That’s my guess, of course. Maybe I’m wrong. But I think the idea of this government is, again, to have some balance of power and, above all, to prepare for the elections. And then maybe we have a new balance, which should also take into account possible changes in the world in relation to the European elections and the American elections.

Okay, so in the last question I’d like to come back to the issue of change, but real change, not a realignment or a rearrangement of influence and important positions in the institutions. Bulgaria is a country that needs social change and change in many ways. This is the impression I always leave Bulgaria with after visiting the country, and I think many international observers would share this impression, as well as many Bulgarians, including people I was able to talk to during my visit last year. But you said that real change requires complex thinking, and I’m not even suggesting that such complex thinking could emerge during this short election campaign that you’re going to experience again in Bulgaria. So where could change come from and who could make it happen? Who could build and who could be the change in Bulgaria?

In my opinion, people should be the change. Of course, it might be naive or a bit stupid to say that. Maybe it sounds very simplistic. But I really don’t want to rely on political parties. The political parties in Bulgaria are in a big crisis. I’m not sure if they even exist. You know that many parties in the world and in Europe have an internal life. They have different internal events. They have discussions, they have internal competition, etc. I’m not sure that Bulgarian parties have anything like that. As far as I read the news, we have a lot of parties that are leader type of parties. So we have leaders. Maybe there are different currents in some of the biggest parties. But in any case, there is a certain understanding that many parties may not even have any structures and they are just some formations, some machines to turn money into power and power into money. They have a political activity without really allowing ordinary people, even if that is not a good term, to grow and do something on their own.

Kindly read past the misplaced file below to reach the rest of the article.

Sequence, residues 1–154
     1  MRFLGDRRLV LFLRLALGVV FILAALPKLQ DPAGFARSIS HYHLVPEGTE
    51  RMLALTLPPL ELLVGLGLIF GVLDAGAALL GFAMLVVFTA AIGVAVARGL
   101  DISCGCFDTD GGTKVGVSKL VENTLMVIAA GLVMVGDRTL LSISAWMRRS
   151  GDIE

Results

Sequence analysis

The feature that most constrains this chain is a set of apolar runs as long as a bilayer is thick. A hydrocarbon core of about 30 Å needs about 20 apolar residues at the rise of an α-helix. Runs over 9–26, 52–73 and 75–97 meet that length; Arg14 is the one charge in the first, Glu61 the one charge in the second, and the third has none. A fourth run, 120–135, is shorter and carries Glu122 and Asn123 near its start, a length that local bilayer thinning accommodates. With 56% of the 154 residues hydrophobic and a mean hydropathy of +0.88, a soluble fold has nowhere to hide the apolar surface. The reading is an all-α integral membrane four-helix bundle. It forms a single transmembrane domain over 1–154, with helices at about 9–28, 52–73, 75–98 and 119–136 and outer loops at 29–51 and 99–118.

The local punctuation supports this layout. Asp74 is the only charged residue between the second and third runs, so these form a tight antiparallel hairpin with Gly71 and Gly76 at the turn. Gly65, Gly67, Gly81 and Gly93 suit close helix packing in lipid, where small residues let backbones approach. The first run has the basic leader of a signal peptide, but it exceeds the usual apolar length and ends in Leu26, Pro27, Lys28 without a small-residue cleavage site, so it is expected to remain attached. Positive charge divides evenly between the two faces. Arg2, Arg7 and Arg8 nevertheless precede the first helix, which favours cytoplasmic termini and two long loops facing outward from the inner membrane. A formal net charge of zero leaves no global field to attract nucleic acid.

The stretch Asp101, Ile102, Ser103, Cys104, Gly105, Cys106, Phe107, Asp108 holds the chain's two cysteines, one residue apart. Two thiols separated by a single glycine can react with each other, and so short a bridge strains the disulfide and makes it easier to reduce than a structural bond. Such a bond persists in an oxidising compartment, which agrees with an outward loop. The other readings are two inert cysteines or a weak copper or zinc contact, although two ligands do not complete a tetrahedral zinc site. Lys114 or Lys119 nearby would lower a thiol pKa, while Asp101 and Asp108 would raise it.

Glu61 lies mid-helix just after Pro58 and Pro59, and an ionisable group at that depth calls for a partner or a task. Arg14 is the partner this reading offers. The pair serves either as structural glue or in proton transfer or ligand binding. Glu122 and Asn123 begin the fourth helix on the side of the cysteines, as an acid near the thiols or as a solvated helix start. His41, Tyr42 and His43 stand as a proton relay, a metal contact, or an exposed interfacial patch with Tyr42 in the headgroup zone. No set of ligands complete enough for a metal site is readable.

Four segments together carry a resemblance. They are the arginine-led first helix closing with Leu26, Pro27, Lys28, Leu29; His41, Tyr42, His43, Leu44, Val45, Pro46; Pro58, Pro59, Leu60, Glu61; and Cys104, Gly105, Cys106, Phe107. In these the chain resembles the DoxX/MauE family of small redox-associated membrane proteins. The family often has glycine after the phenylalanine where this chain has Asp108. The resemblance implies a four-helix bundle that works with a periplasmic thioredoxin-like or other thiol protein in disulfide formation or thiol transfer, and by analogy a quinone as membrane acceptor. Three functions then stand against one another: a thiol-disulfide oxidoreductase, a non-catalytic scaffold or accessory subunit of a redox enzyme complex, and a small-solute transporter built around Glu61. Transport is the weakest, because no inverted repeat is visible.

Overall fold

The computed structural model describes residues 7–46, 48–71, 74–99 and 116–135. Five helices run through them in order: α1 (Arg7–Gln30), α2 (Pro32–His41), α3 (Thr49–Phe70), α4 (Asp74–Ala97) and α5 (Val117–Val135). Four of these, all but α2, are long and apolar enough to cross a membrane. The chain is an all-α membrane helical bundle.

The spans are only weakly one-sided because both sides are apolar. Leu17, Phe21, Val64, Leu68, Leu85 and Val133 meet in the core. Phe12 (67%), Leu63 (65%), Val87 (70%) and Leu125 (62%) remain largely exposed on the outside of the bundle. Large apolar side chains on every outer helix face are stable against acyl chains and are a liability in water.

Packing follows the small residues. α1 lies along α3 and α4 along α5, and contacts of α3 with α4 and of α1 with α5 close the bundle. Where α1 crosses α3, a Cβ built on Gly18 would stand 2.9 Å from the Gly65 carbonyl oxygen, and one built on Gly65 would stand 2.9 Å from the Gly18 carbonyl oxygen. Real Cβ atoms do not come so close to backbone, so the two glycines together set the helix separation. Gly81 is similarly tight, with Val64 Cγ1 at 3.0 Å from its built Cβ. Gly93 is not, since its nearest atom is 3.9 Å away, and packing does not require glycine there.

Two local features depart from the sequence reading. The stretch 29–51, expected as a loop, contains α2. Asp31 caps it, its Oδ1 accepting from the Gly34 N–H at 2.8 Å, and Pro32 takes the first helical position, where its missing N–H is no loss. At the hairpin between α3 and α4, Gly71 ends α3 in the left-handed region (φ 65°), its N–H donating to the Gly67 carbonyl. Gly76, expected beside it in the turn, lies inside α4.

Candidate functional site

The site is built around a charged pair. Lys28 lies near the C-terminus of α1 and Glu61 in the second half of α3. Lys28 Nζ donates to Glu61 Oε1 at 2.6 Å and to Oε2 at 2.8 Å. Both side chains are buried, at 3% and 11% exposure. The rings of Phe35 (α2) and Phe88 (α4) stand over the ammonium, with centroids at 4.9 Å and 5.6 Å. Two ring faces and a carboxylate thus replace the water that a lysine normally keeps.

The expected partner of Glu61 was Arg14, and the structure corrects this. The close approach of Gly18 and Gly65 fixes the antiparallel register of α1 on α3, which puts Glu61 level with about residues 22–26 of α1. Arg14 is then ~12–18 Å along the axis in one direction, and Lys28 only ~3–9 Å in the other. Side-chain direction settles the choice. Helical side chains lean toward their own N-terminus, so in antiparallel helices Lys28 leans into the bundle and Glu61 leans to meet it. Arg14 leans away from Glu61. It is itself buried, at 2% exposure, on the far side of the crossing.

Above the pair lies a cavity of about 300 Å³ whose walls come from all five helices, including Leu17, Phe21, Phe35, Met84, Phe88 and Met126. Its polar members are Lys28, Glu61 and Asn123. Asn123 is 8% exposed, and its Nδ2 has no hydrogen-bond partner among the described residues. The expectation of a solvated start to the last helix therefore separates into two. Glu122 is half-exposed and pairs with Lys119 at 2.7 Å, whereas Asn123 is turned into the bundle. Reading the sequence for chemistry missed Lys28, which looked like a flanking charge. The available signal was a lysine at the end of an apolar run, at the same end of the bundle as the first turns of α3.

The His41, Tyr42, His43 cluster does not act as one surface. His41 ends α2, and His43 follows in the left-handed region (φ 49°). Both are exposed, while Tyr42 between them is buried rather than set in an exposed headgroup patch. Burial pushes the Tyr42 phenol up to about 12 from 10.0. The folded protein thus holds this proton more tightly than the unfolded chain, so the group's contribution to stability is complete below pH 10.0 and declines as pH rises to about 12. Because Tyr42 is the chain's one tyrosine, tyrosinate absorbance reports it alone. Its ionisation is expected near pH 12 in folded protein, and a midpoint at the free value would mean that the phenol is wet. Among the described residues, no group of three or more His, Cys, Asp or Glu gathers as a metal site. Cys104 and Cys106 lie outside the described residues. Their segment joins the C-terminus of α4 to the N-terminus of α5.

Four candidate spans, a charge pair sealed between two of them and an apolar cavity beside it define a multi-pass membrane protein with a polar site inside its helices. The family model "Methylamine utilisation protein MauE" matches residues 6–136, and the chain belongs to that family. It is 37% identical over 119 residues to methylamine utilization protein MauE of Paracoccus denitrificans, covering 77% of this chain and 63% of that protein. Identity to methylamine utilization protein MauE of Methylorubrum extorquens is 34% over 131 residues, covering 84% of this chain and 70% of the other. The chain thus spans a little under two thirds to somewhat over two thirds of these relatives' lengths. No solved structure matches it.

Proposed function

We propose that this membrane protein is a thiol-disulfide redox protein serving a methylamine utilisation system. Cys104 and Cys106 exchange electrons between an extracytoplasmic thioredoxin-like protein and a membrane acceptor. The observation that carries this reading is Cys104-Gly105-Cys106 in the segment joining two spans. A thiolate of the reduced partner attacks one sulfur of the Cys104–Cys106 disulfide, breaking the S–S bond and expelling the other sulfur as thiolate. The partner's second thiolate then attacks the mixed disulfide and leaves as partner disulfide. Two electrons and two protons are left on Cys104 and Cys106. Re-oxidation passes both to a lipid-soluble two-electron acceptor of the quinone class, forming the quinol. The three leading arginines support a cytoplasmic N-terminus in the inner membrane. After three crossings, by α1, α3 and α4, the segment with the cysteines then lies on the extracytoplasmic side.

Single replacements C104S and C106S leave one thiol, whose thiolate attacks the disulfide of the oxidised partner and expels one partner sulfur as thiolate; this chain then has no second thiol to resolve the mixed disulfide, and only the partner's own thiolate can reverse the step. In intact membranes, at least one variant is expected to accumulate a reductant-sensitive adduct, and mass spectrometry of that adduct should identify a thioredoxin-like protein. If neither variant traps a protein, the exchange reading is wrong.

I think it’s obvious, especially in the recent local elections or in other cases, how Bulgarian parties, if they really have some potential for power, represent certain economic interests that exist in Bulgaria. And basically we have a competition of different kinds of economic interests through the parties. And again, because of this, we don’t really see people who don’t have businesses or don’t have the financial resources to grow very much in Bulgarian politics.

I would say that the European Union, if we imagine that the European Union is an agent of change, within its territory, I think that the European Union should find out how European money can reach deeper into Bulgarian society, to reach the common man or some people who are, let’s say, at the grassroots level, and how they can have some agency. And somehow I see change coming from those people at that level. I know it may be very naive because ordinary people are often people who are employees. Maybe they have all kinds of health problems or personal problems and so on. So of course ordinary people are not trained to be leaders or trained to be agents of change.